An auspicious raga that signifies the conclusion of any concert is Madhyamavati. This raga is sung to seek forgiveness for any mistakes that may have crept in during the performance. This raga is said to wash off any errors and bestow mangalam and wellness.
Madhyamavati is an audava (having five notes in the ascent and descent) raga, symmetric in arohana and avarohana. The notes in this raga include sadja, chatusruti rishabha, suddha madhyama, pancama, and kaisiki nishada. This raga is the janya of the 22nd melakarta Kharaharapriya, and is suited for elaborate handling.
Brindavanasaranga is a raga that typically has the same arohana-avarohana as Madhyamavati; in addition, it features the prayoga RGRS using the sadharana gandhara. Brindavanasaranga is sung with plain notes, jaru-s (glides) and gentle oscillations, rather than the heavy kampita gamakas that Madhyamavati is well-known for. Brindavanasaranga thrives on glides and slow inflections; it is charming and soothing. Yet another raga, Brindavani, features the kakali nishada in the ascent and kaisiki nishada in the descent. This attractive raga has its roots in North India. The Hindustani raag Madhumad Sarang can be considered close to Madhyamavati.
Popular compositions in Madhyamavati include Thyagaraja’s ‘Nadupai’, ‘Adigi Sukhamu’ and ‘Rama Katha’; Dikshitar’s ‘Dharmasamvardhani’; Shyama Sastri’s ‘Palinstu Kamakshi’ and Papanasam Sivan’s ‘Saravanabhava’ and ‘Karpagame’.
Brindavanasaranga is defined by kritis such as ‘Rangapuravihara’ and ‘Soundararajam’, both by Dikshitar. ‘Kamalaptakula’ by Thyagaraja is endearing. ‘Kaliyuga Varadan’ in Brindavani is also well-loved as are the thillanas of M. Balamuralikrishna and Lalgudi Jayaraman in Brindavani.
In keeping with the devotional fervour, Yesudas’s ‘Harivarasanam’ is an exemplary piece in this raga.
In film music, most composers have created songs that are a mix of this family of three ragas — Madhyamavati, Brindavanasaranga and Brindavani.
One of the finest depictions of Madhyamavati would be ‘Arputha Leelaigalai’ from Sivagami sung by the M.K. Thyagaraja Bhagavathar. In ‘Chitparane Sivane’, the gamakas at the rishabha are characteristic of the raga.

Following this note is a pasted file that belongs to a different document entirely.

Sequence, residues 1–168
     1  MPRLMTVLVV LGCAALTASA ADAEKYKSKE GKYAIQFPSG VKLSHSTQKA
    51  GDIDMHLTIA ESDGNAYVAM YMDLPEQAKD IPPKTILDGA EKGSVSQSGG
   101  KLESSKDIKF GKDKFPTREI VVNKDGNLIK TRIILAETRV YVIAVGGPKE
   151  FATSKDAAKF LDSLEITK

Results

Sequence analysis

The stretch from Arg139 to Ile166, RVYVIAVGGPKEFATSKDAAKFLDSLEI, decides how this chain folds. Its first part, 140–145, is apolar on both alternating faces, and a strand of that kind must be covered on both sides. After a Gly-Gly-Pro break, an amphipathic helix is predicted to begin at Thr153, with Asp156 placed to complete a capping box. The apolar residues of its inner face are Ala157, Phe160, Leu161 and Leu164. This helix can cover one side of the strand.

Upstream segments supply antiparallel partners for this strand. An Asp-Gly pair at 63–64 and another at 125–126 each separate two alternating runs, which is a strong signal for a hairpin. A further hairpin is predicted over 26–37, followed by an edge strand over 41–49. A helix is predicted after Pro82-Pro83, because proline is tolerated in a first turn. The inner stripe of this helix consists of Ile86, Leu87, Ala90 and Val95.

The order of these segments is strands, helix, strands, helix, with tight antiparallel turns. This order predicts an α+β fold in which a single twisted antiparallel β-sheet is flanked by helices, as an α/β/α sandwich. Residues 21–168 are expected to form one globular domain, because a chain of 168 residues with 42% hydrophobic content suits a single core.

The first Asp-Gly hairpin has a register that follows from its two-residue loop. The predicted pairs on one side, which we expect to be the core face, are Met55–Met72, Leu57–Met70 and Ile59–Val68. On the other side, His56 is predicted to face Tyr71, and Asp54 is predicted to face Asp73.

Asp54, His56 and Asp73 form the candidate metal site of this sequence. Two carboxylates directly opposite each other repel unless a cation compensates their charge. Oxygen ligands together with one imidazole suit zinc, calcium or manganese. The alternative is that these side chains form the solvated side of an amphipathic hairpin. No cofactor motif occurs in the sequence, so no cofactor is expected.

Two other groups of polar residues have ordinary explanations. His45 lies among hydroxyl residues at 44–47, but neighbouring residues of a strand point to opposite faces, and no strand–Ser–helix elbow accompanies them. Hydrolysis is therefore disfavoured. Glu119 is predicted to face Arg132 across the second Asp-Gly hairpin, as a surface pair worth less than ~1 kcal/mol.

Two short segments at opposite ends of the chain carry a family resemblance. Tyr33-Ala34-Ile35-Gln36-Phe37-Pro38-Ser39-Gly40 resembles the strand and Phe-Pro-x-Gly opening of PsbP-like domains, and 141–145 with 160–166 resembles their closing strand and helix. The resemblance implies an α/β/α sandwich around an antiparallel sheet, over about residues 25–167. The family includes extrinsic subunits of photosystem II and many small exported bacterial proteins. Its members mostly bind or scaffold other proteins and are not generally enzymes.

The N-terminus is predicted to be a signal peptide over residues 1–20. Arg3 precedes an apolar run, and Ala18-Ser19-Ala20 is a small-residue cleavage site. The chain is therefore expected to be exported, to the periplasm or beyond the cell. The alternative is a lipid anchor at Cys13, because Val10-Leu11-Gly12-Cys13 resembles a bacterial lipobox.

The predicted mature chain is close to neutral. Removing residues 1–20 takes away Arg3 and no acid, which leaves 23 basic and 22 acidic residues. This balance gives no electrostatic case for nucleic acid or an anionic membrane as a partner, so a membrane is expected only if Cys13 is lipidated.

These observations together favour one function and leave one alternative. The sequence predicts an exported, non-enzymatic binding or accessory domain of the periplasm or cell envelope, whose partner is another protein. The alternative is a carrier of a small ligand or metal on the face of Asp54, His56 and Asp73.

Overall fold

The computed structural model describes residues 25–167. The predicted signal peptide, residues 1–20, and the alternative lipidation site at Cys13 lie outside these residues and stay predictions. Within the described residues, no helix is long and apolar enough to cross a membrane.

‘Ponnondru Kanden’ from Padithal Mattum Podhuma (composers M.S. Viswanathan, T.K. Ramamurthy) is a fine piece in Brindavani, with a touch of the dhaivata at the charanam. The phrase ‘Nee Indri Naan Illai...’ (NSSRRSSNNPPMMRRS) traverses the entire scale of the raga.
K.V. Mahadevan has composed a lovely ragamalika in Tirumal Perumai — ‘Tirumal Perumaikku Nigar Edhu’, starting off in Madhyamavati. Sung by TMS, the top sadja note is highlighted at the opening, the first phrase being SRMR,S/SNP/PPNNS.
‘Maragathavalliku’ from Anbulla Appa (composers: Shankar-Ganesh) is a well-crafted piece in Brindavani. The two nishada notes appear in the phrase ‘Kolam-Thirukolam’ (N,S, N,P,). The first nishada is kakali, the second kaisiki. The occasional dhaivata note peeps out in the charanam.
Ilaiyaraaja has handled this raga extensively, and ‘En Kalyana Vaibhogam’ by Vani Jayaram from Azhage Unnai Aradhikkiren is attractive. In the higher octaves, the rishabha is repeatedly touched. Here too, there is a touch of the dhaivata in the charanam.
Ilaiyaraaja’s ‘Solaikkuyile’ (Ponnu Oorukku Pudusu) is a winner. The opening gamaka at the rishabha and the inflection at the nishadacarry the stamp of Madhyamavati. The composer’s ‘Thulli Thulli’ from Sipikkul Muthu starts off with an alapana exchange between SPB and S.Janaki.
In ‘Kavidhai Padu Kuyile’ (Thendrale Ennai Thodu) Ilaiyaraaja imparts a Western fusion touch. In ‘Agaya Gangai’ (Dharma Yuddham) he brings in exuberance, while in ‘Neethane Endan Pon Vasantham’ (Ninaivellam Nithya) you get to see a more soothing shade of the raga.
A.R. Rahman’s ‘Thom Karuvil’ from Star and ‘Chaiyya Chaiyya from Uyire are based on this raga, with the latter digressing a bit.
In North India, it is said that Madhumad Sarang is sung during the harvest with exuberance. ‘Munni Badnaam Hui’ from Dabangg (music Sajid-Wajid) that made us dance with excitement is based on this raga.